Monday, May 25, 2009

Who's Afraid Of A Public Plan?
Story from the Chattanooga Times Free Press

A new report showing that health insurance premiums in Tennessee rose five times faster than workers’ earnings from 2000 to 2007 is deeply troubling, but it certainly is not surprising. Workers still lucky enough to have access to employer-provided insurance — less than 55 percent in Tennessee still do, as compared to 60 percent nationally and 70 percent a decade ago — are well aware that their premium costs have eaten up their wage gains in recent years, even as their coverage has declined and their out-of-pocket expenses have soared.

Such depressing and clearly unsustainable trends should be fueling national demand for health care reform and the creation of an alternative public insurance plan for voluntary, tax deductible purchase.

The medical industry’s control

The dynamic of the public dialogue on this critical issue, unfortunately, is controlled by the medical industry and its lobbyists. And they are doing everything in their power to kill the concept of a public plan that would help keep insurers, hospitals, pharmaceutical companies, high-end health care providers and medical device suppliers from over-charging — and that ultimately would help reduce spending on health care.

The new insurance cost figures were compiled by a coalition of Tennessee groups that advocate health care reform and creation of a public plan. A spokesman for one advocacy group attributed the sharp increases in insurance costs to the dominance of the state’s two largest insurance providers — Blue Cross Blue Shield of Tennessee, which covers 45 percent of Tennessee’s insurance market, and UnitedHealth Group Inc., which covers 16 percent. A combination of other companies carry the 39 percent balance.

Big insurers rule

Their dominance, he asserted, allows BCBST and UnitedHealth to “set the prices, ... make the rules and call the shots.” It also enables BCBST to boast reserve funds of $1.4 billion, and executives at UnitedHealth to capture obscenely high compensation packages.

A number of other factors, to be sure, contribute to excessively high health care costs. A short list is illustrative: Too little focus on preventive and wellness care, and too much on procedures; excessive use of expensive technology; defensive diagnostic procedures to protect against malpractice claims; excessive hospital and provider costs; needless administrative costs to combat excessive insurance denials; and needless complexity of insurance claims, diagnostic codes and bundled services.

The insurance industry cites many of these factors, but it rarely addresses its own excessive costs and profit margins, and the needless complexity of its pricing rules, claims procedures and denials.

Blue Cross officials here maintain that Tennessee ’s 62 percent increase in premium costs from 2000 to 2007 (vs. the 12 percent gain, to $25,639, in the same period for median wage workers) primarily reflects the growing cost of medical services and the more intensive use of services required by the demographic shift toward a larger aging population.

While the latter may be true, the former is not reflective of medical cost margins in all other highly industrialized countries — all of which offer universal health care under different models, advanced medical services equal to those in the United States, and typically better health indices, more doctors and more hospital beds per capita.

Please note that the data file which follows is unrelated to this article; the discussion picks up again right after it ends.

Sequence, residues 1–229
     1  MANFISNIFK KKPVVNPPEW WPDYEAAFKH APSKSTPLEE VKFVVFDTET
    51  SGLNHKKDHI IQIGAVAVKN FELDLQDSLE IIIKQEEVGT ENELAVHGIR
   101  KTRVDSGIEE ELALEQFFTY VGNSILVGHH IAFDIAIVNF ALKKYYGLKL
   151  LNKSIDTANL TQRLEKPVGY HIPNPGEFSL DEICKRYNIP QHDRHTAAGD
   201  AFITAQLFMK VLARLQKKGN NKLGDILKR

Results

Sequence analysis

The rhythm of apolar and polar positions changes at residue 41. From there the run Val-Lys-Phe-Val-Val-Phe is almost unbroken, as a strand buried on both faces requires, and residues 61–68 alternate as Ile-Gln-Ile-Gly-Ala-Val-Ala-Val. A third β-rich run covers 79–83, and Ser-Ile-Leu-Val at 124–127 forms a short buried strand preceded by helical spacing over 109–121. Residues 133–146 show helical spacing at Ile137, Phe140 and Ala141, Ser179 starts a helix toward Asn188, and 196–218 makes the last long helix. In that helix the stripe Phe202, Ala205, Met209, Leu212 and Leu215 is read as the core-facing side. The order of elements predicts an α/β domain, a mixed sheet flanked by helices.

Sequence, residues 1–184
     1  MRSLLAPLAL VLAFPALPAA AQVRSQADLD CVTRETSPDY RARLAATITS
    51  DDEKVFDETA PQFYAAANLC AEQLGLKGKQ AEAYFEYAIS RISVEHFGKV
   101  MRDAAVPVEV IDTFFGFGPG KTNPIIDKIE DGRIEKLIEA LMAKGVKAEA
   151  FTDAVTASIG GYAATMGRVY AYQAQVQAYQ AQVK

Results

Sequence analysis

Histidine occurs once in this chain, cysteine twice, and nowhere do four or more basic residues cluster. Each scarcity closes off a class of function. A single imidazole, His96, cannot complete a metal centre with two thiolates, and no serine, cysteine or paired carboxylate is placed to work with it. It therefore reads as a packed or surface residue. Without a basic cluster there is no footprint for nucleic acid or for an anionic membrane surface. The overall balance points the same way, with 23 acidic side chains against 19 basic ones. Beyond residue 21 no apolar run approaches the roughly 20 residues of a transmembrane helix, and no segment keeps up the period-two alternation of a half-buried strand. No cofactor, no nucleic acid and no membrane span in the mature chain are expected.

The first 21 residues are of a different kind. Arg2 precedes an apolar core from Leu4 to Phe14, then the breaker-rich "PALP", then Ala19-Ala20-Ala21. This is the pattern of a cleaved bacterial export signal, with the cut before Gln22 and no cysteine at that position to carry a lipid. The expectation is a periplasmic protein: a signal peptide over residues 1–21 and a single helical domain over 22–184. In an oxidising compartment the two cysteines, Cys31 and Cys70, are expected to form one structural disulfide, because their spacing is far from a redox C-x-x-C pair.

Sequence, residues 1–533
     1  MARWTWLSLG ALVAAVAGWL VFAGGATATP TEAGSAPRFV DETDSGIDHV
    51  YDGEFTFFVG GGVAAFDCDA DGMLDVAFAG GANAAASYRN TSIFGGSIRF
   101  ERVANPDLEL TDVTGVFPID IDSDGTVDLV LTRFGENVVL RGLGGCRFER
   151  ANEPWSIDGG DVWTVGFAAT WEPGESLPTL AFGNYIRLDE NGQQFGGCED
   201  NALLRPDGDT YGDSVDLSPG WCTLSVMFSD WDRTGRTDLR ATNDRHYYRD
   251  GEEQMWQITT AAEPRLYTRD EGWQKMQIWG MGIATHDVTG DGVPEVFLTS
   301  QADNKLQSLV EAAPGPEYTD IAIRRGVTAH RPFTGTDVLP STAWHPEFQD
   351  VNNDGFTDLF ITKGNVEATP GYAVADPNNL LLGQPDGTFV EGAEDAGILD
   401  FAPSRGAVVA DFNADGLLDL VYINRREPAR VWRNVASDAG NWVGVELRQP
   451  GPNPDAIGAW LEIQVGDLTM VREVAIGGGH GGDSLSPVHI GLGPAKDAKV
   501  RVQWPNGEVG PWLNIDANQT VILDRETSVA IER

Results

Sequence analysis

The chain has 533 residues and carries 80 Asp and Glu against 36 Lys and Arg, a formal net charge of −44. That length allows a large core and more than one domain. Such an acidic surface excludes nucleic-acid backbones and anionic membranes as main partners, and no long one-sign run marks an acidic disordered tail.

Other advanced countries offer all this while spending between 8-to-11 percent of gross domestic product on health care. America, by contrast, spends nearly 17 percent of GDP on health care — a level expected to reach 21 percent within 10 years — and still leaves 47 million citizens uninsured, and far more citizens under-insured and subject to medical bankruptcy in the event of a medical crisis.

Pharma’s a culprit, too

Prescription drug prices for the top 50 most-used drugs, as well, are two-to-three times higher in the United States than in every other advanced country — and they are rising fast, if not faster, than other insurance and provider costs. This is largely due to Big Pharma’s anticipation of government price negotiations and their urge to set price markers higher now.

Not surprisingly, BCBST spokesperson Mary Thompson told this newspaper’s Dave Flessner that a government-organized insurance plan, available on a voluntary basis to citizens not satisfied with private market and employer-organized plans, ultimately would crowd out private companies and dampen the very competition that reform advocates seek.

Let insurers compete

That’s a disingenuous argument. Such a public plan should spur competition. The proposal is for a public option plan modeled on plans federal workers receive and administered on a Medicare-style model, like those BCBST administers for a profitable administrative service organization (ASO) fee in a number of states. If private insurers can do better than government, they should be able to offer a better product, or a lower cost.

If they can’t or won’t take that challenge, then that would expose the fallacy of relying on high-profit insurance companies to help reduce the unsustainable curve of the medical industry’s profit taking, and the medical miseries it is producing for this nation’s increasingly under-insured and uninsured population.

Given the choice, most citizens, if they had their say, would take a good public plan and peace of mind. Employers, relieved of health insurance costs, would be more competitive in the face of global competition. And workers, liberated by portable coverage that wouldn’t go away if they changed jobs or careers, would find new freedom and bargaining power in their new mobility.

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